New week, new TCJ. Mat Colgate writes in with a report from a crowded-sounding ELCAF:
The East London Comic and Arts Festival (ELCAF) is now in its third year (but its first time at the Oval Space, which might explain the capacity difficulties). Organized by the good folk of Nobrow press – they of plush and colorful releases from artists such as Jesse Moynihan, Kyle Platts and Blexbolex – it aims to “showcase the plethora of talent in the comics and graphic art scene in London and the UK and also to bring something fresh to our locals by drawing talent from abroad to take part in the event.” On the evidence of last week’s show it was mission accomplished: the exhibition space was heaving. Bodies jostled against each other politely in the near tropical heat, fingering sweat fogged pamphlets, queueing for autographs from, amongst others, Seth and Chris Ware, both of whom gave talks later on in the day. The crowd were young, oft bearded and wearing some frankly baffling t-shirts, and if there’s a better advert for the vitality and vigor of the underground comics scene then I’ve never seen it. It was a heart-warming sight, only slightly tempered by the sheer amount of folk one had to squeeze past to get to the tables. But, hell, I’d sooner have a bit of mare because of overcrowding than a total downer due to lack of interest.
And the great caricaturist and cartoonist Drew Friedman is here with a short essay explaining how he chose his subjects for his upcoming book of portraits, Heroes of the Comics. Here’s a sample:
The series kicked off with the great comics artist Will Elder and evolved from there. Shortly after Will died, his son-in-law Gary contacted me and asked if I would create a portrait of Will as a gift for Will’s daughter, Gary’s wife Nancy. They were very pleased with the result, (which is included in the book), so I decided to create a companion piece, a portrait of Will’s long time collaborator, the brilliant creator of MAD, Harvey Kurtzman, who had been my instructor at the School of Visual Arts. I was happy with the portrait and a limited edition print was made, which quickly sold out. I felt I might be on to something and decided to paint portraits of all the original MAD comic book artists including Jack Davis, Wally Wood, and John Severin, and also planned to release them as prints. I then added all of the EC artists (I’m a lifelong EC fan), and I realized I had the possible makings of a book, The Legends of EC Comics. It soon became apparent that depicting only EC artists would be too limited, so I expanded the idea to portraits of Legendary Comic Book Artists, centering on the early pioneers of comic books, those who entered the field during the first twenty years of its existence (mid-1930s to mid-1950s), and were virtually responsible for inventing the medium.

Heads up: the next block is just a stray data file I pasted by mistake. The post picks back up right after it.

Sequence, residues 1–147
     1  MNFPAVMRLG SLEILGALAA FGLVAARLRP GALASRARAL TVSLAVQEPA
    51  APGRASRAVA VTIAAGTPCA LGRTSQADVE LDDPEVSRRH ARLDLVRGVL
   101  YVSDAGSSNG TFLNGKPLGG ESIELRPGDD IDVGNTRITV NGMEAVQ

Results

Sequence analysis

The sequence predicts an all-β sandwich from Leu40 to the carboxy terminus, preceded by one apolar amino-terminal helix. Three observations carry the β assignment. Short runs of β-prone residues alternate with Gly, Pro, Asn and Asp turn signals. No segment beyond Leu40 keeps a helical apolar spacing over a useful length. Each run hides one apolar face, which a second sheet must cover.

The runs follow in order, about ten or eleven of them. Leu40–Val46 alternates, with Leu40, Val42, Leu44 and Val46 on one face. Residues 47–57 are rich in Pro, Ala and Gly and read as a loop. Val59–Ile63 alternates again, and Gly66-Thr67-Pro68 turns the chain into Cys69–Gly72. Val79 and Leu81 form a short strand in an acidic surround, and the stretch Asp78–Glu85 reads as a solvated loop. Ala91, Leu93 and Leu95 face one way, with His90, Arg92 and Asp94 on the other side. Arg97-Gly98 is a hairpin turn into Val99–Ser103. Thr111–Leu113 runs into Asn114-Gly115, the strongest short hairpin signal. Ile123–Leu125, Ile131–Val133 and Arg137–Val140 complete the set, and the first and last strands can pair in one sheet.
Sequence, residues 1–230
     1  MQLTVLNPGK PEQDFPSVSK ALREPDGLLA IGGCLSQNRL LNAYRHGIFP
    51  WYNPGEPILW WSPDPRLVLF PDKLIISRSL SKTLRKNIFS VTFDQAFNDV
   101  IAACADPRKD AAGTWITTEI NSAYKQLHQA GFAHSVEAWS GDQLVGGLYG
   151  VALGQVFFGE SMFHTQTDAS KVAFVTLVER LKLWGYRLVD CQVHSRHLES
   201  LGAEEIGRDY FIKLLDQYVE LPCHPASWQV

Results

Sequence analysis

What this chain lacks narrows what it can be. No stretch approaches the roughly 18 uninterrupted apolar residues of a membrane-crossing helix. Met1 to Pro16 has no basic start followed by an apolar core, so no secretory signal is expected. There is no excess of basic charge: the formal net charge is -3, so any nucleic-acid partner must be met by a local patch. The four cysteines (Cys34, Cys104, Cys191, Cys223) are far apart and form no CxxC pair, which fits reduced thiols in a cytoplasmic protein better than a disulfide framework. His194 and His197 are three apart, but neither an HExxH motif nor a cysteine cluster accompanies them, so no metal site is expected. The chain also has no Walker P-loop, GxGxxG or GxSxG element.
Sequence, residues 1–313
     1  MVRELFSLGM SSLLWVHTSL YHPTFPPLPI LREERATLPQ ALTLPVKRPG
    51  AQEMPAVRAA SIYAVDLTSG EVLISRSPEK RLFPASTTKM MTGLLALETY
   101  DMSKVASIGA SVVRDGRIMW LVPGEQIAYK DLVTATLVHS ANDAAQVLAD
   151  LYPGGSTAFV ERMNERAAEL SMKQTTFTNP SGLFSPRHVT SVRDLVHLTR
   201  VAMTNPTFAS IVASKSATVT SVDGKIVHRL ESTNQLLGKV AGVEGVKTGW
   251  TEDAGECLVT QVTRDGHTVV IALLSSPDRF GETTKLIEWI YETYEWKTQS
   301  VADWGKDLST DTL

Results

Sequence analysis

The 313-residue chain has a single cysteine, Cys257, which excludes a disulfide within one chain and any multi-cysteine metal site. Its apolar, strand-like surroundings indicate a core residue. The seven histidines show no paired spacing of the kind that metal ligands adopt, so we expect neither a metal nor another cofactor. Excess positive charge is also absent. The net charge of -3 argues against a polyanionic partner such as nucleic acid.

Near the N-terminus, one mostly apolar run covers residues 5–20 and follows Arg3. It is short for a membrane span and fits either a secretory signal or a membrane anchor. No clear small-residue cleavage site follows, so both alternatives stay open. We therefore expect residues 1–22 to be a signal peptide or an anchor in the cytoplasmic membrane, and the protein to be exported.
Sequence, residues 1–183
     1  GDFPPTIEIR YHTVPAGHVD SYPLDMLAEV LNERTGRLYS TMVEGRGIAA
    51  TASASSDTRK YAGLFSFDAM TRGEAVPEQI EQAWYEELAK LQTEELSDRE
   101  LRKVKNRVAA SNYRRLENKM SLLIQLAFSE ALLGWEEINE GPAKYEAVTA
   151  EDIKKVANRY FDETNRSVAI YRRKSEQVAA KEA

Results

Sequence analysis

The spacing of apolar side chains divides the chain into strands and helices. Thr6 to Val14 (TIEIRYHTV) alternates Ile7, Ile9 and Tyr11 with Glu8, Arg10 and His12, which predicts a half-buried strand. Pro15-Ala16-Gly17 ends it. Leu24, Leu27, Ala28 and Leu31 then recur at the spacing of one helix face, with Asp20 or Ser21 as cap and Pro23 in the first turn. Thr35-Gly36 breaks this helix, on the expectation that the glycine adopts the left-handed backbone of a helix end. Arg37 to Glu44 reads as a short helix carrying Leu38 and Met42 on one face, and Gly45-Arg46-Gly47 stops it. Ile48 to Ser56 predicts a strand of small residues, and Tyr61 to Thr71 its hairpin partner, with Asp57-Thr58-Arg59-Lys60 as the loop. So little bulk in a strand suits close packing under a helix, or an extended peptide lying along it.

And last but also least, some comics people are arguing about this article making the case for “more shit-talking” in comics. I don’t know the full context, so I am probably missing something important, but it seems to be burying a worthy and unexceptionable point (comics professionals should be openly self- and industry-critical) under a mountain of ego gratification and eye-roll-prompting boneheadedness, starting but not ending with the initial premise of “embracing [shit-talking] as a label” as if it was the same thing as the LGBT community reclaiming the word queer or something, as opposed to a distracting way to (inadvertently?) make your own arguments look pointlessly idiotic and not worth paying attention to. Again, the point that creators and industry figures should be willing to take and make intelligent critical comments seems inarguable; the question is whether you want the criticism to prompt positive change or whether you’d rather just enjoy starting a bunch of unproductive internet drama while stroking yourself. Maybe I’m misunderstanding what’s going on, but that way of framing things guarantees that I won’t be the only one to do so.